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This page contains a single entry from the blog posted on October 1, 2010 1:45 PM. The previous post in this blog was Posting under a pseudonym?. The next post in this blog is Have a great weekend. Many more can be found on the main index page or by looking through the archives.

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Friday, October 1, 2010

Consultants gone wild

Here's another crazy consulting contract, and the dollar amount is open-ended: The City of Portland and Tri-Met are going to hire some expert to recommend a fare structure and collection system for the utterly pointless eastside streetcar. Gosh, don't the city and Tri-Met already pay staff people who should be able to figure that one out? You can almost smell some big shot's cousin who needs work.

Comments (15)

Sounds like something else into which the Auditor's Office should look but most likely won't?

how about a big guy named Vito in a nice suit and dark glasses , saying 'pay the fare or else'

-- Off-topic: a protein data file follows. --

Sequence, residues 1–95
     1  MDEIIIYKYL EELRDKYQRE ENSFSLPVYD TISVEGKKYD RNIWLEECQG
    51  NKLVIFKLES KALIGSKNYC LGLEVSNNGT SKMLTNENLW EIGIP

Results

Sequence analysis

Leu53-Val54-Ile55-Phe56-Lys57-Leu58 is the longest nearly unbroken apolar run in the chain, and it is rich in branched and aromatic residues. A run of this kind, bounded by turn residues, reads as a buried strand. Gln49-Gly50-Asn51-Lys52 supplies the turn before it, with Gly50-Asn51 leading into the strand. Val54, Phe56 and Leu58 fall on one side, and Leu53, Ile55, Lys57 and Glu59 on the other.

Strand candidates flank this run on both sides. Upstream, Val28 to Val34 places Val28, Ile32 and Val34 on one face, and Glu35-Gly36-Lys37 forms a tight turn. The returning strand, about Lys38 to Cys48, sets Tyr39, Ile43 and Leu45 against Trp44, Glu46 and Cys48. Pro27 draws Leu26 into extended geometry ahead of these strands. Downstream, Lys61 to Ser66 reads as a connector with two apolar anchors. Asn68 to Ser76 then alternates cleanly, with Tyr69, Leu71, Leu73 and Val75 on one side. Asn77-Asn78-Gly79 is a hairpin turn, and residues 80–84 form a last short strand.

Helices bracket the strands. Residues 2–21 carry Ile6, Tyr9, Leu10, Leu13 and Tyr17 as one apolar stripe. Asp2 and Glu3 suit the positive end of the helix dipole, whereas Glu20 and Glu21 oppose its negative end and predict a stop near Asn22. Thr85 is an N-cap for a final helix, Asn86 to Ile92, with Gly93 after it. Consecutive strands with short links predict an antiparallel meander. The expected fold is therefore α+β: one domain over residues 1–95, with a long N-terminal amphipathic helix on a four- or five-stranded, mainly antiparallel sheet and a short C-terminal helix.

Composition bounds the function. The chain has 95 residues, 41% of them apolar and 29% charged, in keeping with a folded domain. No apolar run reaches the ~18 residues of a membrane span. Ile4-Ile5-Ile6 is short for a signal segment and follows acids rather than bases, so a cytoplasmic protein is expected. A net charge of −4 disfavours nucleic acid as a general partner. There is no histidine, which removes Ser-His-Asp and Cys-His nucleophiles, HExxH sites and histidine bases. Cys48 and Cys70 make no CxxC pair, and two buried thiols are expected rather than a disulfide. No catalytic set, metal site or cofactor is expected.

[hey I will apply for the job...]

Well, somebody's got to figure out how much they're not going to bother to collect.

Shouldn't be very complicated, since no one's going to ride the thing.

Why would you expect a Transit Agency to understand how to charge for transit?

If every ride was free, these expensive consultant fees wouldn't be necessary.
Ditto with the fare collection equipment and inspectors. Ridership would go up and the price of meth would go down.

It's what we call a win/win.

We already have free food, free clothing, and free healthcare. Don't you think we have a right to free transit? Sidewalks are free. Bike lanes are free. Cars drive on the roads for free. Why aren't the buses free? Because rich folk don't ride the buses: that's why.

I'm willing to bet my 401(k) that Rick Gustafson will have something to do with the winning bid ...

Garage..."Windbag" Gustafson is definitely at the heart of all things Streetcar and is greasing the skids somewhere. Stay tuned. His name WILL be associated with this. But he drives a hybrid and occasionally rides his bike...so, "it's all good".

Mayor Modesty:

Don't you think we have a right to free transit? Sidewalks are free. Bike lanes are free. Cars drive on the roads for free. Why aren't the buses free? Because rich folk don't ride the buses: that's why.


Bob T:

Well, no.

Car owners pay indirectly for using the roads, and pay quite a bit. The Feds and state governments profit more from the sale of each gallon of gas than the oil companies do. These governments have quite a bit of money from auto drivers' wallets.

And if transit is mainly used by the poor and other worker bees, then more areas they need to go to would be served. Quite a few well-off people with their nice downtown jobs are getting poor folk to subsidize their commutes, on routes that won't be cut. Transfer of wealth upwards.